Mussel Extract Beneficial for Asthma Sufferers
Supplementation with an extract of New Zealand green-lipped mussel (Perna canaliculus) can relieve symptoms and improve lung function in people with asthma, according to a report in the European Respiratory Journal (2002;20:596–600).
In this double-blind study, 46 individuals with asthma who had never been treated with steroids were randomly assigned to receive two capsules of a lipid extract of New Zealand green-lipped mussel (Lyprinol®) twice a day or a placebo for eight weeks. Compared with the placebo group, the group receiving Lyprinol experienced a significant decrease in daytime wheezing and a significant improvement in the ability to move air through the bronchial passages (peak expiratory flow rate). Participants receiving the mussel extract also had fewer nighttime awakenings and required less asthma medication than did participants in the placebo group, although these differences were not statistically significant.
Each capsule of Lyprinol contains a total of 50 mg of various omega-3 fatty acids. Some omega-3 fatty acids, such as eicosapentaenoic acid (EPA) and docosahexaenoic acid (DHA) are found in fish oil, which has also been reported in some, but not all, studies to be beneficial for asthma sufferers. However, the amount of EPA and DHA needed to relieve asthma is far greater than the amount of omega-3 fatty acids used in the new study. That observation suggests that the beneficial effect of Lyprinol is due primarily to a lesser-known fatty acid, eicosatetraenoic acid (ETA), which occurs naturally in the green-lipped mussel.
Asthma is caused in part by inflammation of the airways, and some compounds that have anti-inflammatory activity are effective against asthma. ETA is said to be a more potent anti-inflammatory compound than EPA and DHA, the fatty acids present in cod-liver oil and other fish-oil supplements. In the new study, people receiving the mussel extract had a reduction in the concentration of hydrogen peroxide in their expired breath, indicating a decrease in the severity of airway inflammation.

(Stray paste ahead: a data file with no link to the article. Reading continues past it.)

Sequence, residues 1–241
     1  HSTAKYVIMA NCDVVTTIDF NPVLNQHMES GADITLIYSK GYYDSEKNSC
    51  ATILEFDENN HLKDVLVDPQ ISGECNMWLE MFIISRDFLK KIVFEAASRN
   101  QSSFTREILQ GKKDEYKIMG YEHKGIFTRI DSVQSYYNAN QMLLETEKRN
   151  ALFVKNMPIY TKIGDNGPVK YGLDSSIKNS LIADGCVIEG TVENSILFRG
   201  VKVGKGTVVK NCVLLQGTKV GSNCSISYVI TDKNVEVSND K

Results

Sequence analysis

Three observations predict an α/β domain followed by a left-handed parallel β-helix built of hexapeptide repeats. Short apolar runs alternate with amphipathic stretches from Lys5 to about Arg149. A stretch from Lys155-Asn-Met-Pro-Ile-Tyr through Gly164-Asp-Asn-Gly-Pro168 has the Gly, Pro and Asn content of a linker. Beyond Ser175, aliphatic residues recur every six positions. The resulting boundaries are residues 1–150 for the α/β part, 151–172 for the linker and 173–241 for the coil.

Because of its anti-inflammatory effect, New Zealand green-lipped mussel extracts have also been used successfully to treat rheumatoid arthritis, although not all studies have found this treatment to be beneficial.
Side effects that have been reported with the use of green-lipped mussel extracts include dyspepsia, gout, skin rashes, and one case of hepatitis. These side effects were reported in the 1980s with other green-lipped mussel products that, conceivably, might have been contaminated with organisms or toxins from the ocean. While no significant side effects were reported with Lyprinol in the new study, additional research is needed to determine the long-term safety of this preparation.
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Alan R. Gaby, MD, an expert in nutritional therapies, testified to the White House Commission on CAM upon request in December 2001. Dr. Gaby served as a member of the Ad-Hoc Advisory Panel of the National Institutes of Health Office of Alternative Medicine. He is the author of Preventing and Reversing Osteoporosis (Prima, 1994), and co-author of The Natural Pharmacy, 2nd Edition (Healthnotes, Prima, 1999), the A–Z Guide to Drug-Herb-Vitamin Interactions (Healthnotes, Prima, 1999), Clinical Essentials Volume 1 and 2 (Healthnotes, 2000), and The Patient’s Book of Natural Healing (Prima, 1999). A former professor at Bastyr University of Natural Health Sciences, in Kenmore, WA, where he served as the Endowed Professor of Nutrition, Dr. Gaby is the Chief Medical Editor for Healthnotes, Inc.
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